In the news, people are pleading guilty to very serious criminal charges. There are several reasons for a guilty plea. For a victim and their family, the details will not have to come out in trial or be in the news for a long period. For a defendant, they may have certainty as to the charges or possible sentence.
A defendant always chooses if they wish to enter a guilty plea or have a trial, after reviewing the case materials (disclosure) with their legal advisor, weighing their chances at trial and understanding all consequences.
A severe sentence is not a reason to plead guilty. Everyone is entitled to have a Crown Attorney prove a criminal case beyond a reasonable doubt. Those that plead guilty, should do so ONLY if they have committed all the elements of the offence(s). The defendant should know that there may be additional consequences. Persons who are refugees, visiting students or permanent refugees may be unable to attain Canadian citizenship or appeal their removal, and could be deported. A criminal record may stop someone being able to travel to the United States, obtain employment, or volunteer at their child’s school, not be able to continue in their profession or lose the ability to drive for a long period. A criminal record is permanent, so any decision to plead guilty should be carefully considered knowing all consequences, not to get it over with.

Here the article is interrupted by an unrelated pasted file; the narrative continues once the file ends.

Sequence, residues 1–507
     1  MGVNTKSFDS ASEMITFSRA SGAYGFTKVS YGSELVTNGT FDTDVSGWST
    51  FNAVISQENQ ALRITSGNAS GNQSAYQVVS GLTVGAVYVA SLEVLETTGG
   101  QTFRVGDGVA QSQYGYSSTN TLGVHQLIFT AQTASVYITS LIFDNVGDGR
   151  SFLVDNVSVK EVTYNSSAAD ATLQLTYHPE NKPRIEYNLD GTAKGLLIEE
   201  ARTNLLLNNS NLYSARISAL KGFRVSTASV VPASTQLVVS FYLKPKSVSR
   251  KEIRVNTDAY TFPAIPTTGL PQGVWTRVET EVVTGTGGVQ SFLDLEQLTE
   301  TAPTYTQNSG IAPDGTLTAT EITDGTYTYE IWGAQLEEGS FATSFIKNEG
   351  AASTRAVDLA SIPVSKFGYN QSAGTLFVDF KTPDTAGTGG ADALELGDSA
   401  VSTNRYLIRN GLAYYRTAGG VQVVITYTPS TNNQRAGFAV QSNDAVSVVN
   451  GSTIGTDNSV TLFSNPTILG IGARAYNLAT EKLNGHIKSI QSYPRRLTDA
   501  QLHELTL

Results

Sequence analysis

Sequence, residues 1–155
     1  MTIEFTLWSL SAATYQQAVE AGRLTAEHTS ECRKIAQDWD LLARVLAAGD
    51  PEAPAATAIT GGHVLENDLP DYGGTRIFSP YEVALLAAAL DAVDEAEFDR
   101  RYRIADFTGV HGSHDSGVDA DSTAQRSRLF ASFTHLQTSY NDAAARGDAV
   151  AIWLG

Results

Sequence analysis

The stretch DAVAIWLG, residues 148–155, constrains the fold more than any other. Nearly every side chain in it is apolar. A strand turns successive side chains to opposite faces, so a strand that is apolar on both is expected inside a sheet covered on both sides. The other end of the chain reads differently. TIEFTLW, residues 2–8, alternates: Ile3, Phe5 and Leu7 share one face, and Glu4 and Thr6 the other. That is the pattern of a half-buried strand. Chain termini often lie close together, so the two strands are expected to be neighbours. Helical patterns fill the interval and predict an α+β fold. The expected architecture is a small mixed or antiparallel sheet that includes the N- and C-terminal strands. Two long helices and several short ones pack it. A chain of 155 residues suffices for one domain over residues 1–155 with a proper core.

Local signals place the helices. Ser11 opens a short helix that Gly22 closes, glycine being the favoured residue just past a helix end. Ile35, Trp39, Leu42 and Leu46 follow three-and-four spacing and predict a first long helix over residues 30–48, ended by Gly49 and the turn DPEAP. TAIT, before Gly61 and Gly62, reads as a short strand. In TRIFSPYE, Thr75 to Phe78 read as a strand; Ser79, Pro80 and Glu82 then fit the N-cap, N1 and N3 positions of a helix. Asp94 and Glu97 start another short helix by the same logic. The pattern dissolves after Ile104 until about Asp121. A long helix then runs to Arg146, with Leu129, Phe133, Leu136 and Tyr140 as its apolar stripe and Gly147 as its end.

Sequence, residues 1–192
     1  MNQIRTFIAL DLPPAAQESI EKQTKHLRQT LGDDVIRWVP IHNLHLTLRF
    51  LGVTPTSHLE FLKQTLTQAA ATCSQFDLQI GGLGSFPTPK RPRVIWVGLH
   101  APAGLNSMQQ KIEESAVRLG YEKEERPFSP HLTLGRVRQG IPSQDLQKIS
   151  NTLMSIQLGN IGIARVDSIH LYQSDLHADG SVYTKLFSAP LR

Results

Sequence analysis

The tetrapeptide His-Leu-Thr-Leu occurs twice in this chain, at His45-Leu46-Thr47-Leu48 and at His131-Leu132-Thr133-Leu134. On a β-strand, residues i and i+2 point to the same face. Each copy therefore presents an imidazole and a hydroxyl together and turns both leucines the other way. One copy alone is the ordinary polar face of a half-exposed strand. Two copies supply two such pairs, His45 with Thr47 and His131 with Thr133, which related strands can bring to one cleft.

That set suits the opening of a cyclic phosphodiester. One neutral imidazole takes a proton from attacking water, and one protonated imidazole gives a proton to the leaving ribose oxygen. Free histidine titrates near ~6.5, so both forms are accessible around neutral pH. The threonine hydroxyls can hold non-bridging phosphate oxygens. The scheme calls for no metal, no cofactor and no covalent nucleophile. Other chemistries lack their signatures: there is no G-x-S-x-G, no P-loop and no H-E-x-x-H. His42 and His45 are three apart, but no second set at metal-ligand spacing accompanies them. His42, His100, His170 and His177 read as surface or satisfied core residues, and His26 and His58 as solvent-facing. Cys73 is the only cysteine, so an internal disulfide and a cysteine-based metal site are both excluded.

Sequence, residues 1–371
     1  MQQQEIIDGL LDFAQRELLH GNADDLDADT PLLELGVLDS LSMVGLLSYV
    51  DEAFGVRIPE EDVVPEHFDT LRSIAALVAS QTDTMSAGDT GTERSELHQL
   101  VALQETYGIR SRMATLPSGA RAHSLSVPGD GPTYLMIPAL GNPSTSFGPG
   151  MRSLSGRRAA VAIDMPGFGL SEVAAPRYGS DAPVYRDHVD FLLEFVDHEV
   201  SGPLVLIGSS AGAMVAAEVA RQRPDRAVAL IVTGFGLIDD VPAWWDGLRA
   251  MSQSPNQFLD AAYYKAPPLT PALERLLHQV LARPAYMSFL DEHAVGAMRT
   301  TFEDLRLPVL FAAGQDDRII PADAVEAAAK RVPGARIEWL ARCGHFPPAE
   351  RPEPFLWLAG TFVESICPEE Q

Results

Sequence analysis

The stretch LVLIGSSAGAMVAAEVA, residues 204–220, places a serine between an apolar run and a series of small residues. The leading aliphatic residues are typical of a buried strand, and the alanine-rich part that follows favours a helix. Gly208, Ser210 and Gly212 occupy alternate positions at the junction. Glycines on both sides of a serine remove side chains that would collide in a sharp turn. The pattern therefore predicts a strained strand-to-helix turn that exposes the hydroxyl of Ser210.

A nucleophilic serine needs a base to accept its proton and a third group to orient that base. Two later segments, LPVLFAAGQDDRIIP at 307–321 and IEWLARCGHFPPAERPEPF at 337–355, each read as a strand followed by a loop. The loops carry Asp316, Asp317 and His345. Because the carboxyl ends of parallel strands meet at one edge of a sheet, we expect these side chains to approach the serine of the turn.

After a trial and a finding of guilty and sentence, the defendent or the Crown Attorney can seek to appeal the finding of guilt or the sentence. Depending on whether the charges are summary or indictable, an appeal may be necessary.
Often a defendant will claim that the judge did not apply the correct law to the facts and or was sentenced far too harshly. The Crown can appeal an acquittal or a sentence that is lenient.
If a guilty plea was entered and the defendant did not understand the implication of entering a plea of guilt, the plea may be struck.
This is general advice only, please call our office at 416-469-3443 to discuss your case.
After a defendant pleads guilty or is found guilty after a trial, she may be sentenced to a period of jail with probation to follow. If the appropriate sentence is 90 days or less, and she has a job during the week, she may be able to go to jail on weekends until her 90 days are served. If she fails to turn up one weekend, she will be charged with Unlawfully at Large and have a further charge and additional time – which will probably not be weekends.
Or a defendant may be sentenced to house arrest – a conditional sentence. This requires the person to remain home except for specific exceptions, such as work, religious worship, counselling, probation, shopping for essentials. Again it is important that the conditions be followed because a breach of a conditional sentence brings the defendant back before the same judge who can order that he spend the rest of his house arrest sentence in actual jail.
Please contact our office to get legal advice about your specific case. 416-469-3443.